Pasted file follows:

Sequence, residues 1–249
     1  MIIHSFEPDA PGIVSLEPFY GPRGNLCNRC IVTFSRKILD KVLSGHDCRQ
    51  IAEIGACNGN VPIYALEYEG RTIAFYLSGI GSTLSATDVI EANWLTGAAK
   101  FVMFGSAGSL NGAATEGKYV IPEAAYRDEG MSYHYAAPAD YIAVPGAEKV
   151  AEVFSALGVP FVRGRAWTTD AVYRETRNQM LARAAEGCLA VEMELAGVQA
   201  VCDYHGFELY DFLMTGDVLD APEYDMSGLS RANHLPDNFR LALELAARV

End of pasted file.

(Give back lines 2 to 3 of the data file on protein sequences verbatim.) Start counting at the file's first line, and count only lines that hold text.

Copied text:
     1  MIIHSFEPDA PGIVSLEPFY GPRGNLCNRC IVTFSRKILD KVLSGHDCRQ
    51  IAEIGACNGN VPIYALEYEG RTIAFYLSGI GSTLSATDVI EANWLTGAAK